Then a funny thing happened.  While over in Helena for a presentation, I stopped at a sporting goods store to look for something when I spotted my favorite shoes on the shelf. Could it be? What were the odds they'd have my size left?  I hadn't found a single pair in my size despite far too much internet surfing. Turns out, they had two pair in my size 11s. I bought them both. Fast. 

Now seventy miles into the new pair of my old favorite shoes, the pain in my foot is getting better. I've done all of the training runs.  The pain isn't gone, but my foot feels stronger and I feel like I'm out of the woods.  Is it the shoes? Did I have an acute injury rather than tendonitis?  I'm not sure I'll ever know. I'm also not sure what I'll do when my last pair of Wave Rider 13s wears out later this year. It's not fun repeatedly plunking down $100 for the pleasure of another physical/psychological experiment. For now, my mind trusts the shoes I'm in. 

I also learned last week the reason my backside hurts where my hamstring meets my glutes is because my ass isn't strong enough. Great. Like I needed that to worry about, too. Apparently, if you've got a weak ass, it doesn't fire properly and your hamstrings over-compensate in picking up the slack.  Or something like that.  Try not to think about it on your next run.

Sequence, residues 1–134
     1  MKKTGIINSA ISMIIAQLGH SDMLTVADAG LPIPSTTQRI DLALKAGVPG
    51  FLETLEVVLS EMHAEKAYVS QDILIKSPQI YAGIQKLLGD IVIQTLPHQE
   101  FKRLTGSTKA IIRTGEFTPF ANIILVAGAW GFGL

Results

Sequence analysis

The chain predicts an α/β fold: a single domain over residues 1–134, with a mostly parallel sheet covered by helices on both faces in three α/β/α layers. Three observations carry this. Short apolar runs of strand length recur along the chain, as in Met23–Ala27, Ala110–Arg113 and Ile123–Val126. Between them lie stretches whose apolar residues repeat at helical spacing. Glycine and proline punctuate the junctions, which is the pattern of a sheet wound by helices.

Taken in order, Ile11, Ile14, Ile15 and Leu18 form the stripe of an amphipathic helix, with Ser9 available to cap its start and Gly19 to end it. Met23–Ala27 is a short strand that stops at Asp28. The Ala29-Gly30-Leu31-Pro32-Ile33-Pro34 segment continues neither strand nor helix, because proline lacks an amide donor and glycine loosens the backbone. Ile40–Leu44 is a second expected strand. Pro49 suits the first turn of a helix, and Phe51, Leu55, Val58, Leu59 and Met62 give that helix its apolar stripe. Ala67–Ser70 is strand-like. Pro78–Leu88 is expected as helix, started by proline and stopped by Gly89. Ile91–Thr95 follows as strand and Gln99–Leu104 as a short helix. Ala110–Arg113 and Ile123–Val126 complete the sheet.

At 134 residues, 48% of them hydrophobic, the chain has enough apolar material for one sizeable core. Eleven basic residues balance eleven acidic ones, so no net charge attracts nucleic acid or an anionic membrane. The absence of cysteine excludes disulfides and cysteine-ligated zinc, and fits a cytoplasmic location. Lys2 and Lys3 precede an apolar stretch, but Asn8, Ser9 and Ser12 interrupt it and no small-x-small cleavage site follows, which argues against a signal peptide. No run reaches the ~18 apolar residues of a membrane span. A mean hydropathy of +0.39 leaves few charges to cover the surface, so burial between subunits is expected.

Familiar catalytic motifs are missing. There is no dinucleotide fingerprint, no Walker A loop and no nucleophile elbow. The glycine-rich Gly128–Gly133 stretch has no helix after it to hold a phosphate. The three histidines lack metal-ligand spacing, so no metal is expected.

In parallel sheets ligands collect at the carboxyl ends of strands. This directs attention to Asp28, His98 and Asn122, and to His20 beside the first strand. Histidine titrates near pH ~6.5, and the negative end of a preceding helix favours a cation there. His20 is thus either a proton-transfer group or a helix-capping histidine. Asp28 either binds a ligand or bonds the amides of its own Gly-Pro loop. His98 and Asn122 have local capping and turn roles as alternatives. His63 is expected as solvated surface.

Without a doubt, the single biggest psychological boost for me comes from running with other people.  I learned that lesson last year, but there's been a shift with this year's training group.  Last year's group provided great motivation to get out and do the tough runs, but my runs remained mostly solo affairs even surrounded by other runners.  This years group has a greater air of camaraderie and support. Its odd, given that many of the 300 group members are repeats like me. Still, there's less of a competitive edge and more of an outgoing friendliness.  Who knows. Maybe all it takes is a few new faces eager for running endorphins.  Hell, maybe I'm friendlier this year.  Whatever the reason, my group runs aren't solo anymore.  They're with a collection of 6, 7, 8, or even more regular running partners amongst the many others who turn up for our twice weekly group training runs.